c06 4.28286 0.966 6.55 Caribbean-Colombian northeastern zone
v01 4.45622 0.930 7.31 San Sebastian-El Pilar-Costa Norte fault systems zone
v02 3.35288 0.795 6.50 Southern Venezuelan (Amazonian) zone

Table 1 - Seismicity parameters used in the CCA model. The GR a-value is related to the area source.

Shallow seismicity: Crustal fault

Despite of largest crustal destructive events had been associated to active faults, characterization of active faults to be used as source fault into PSHA is a relatively recent development. In addition, several methodologies exist. Here, we are describing the GEM method to build an active fault model from a database of neotectonic active fault as those presented above. This database was created to be used in PSHA, then the faults were characterized (i.e. geometry and kinematic settings) following the OpenQuake standards. Some faults were updated or added recently (e.g. El Salvador, Jamaica, Cuba, on-shore Puerto Rico).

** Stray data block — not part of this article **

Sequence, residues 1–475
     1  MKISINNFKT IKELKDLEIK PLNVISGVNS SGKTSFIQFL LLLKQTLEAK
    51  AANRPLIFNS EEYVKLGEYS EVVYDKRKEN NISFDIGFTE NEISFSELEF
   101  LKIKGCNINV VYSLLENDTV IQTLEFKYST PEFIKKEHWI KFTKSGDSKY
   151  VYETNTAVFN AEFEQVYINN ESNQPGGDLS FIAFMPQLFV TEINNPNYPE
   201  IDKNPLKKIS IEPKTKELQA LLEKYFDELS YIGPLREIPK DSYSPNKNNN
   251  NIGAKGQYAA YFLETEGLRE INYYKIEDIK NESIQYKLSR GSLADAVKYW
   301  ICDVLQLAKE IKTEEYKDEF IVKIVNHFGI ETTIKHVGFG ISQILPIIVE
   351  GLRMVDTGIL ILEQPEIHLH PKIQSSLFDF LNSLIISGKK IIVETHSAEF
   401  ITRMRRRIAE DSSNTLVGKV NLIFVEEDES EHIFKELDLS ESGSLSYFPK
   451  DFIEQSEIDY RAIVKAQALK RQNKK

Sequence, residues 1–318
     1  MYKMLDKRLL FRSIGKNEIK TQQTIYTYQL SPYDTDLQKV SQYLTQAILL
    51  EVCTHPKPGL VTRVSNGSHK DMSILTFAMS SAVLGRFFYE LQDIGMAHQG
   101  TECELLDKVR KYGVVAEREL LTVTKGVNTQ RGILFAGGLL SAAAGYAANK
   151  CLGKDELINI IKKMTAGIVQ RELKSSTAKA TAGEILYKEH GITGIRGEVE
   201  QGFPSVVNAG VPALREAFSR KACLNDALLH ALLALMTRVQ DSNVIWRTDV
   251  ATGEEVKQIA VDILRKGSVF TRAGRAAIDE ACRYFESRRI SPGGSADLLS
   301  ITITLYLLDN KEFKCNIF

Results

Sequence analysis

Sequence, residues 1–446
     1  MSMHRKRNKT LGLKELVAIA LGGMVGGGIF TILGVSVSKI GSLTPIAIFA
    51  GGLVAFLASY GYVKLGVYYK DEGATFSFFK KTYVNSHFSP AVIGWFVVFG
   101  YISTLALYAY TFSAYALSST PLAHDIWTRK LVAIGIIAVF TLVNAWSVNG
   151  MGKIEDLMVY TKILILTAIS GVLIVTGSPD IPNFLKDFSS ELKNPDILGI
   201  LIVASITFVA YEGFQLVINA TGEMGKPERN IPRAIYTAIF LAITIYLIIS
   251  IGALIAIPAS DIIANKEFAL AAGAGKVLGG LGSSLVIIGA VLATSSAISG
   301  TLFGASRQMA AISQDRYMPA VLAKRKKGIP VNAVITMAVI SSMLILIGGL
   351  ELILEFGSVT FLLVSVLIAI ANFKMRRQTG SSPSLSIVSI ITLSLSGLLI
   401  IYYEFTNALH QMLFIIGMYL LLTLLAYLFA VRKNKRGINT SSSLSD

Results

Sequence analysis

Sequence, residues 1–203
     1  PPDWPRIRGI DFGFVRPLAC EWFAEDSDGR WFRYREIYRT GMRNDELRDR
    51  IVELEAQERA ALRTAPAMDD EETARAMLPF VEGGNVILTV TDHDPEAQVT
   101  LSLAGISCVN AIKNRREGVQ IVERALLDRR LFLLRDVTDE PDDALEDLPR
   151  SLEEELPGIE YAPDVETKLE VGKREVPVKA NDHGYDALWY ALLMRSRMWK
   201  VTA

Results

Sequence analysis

Some assumptions were used to build the model: - The occurrence of the events on the fault follows a double-truncated Gutenberg-Richter (GR) distribution, and the total seismic moment rate from the MDF equals the geological moment rate derived from the fault dimension (area) and slip rate, - The double-truncated distribution is computed using two magnitude extremes bounds (minimum and maximum), then the rates computed above an arbitary magnitude (clipping magnitude) are used, - The a-value of the GR distribution is defined using fault slip rates either measured on the field or inferred by earthquake geologists, - The b-value on the fault is assumed to be equal to those obtained for the area source enclosed the fault (of the major part of it), - The minimum magnitude (lower bound) was arbitrary assumed as Mw4.0, - The maximum magnitude bounding the recurrence model depends on dimensions of the fault's area and was inferred applying Leonard(2010, 2014) scaling relations, - The clipping magnitude (lower bound) was arbitrary assumed as Mw6.5.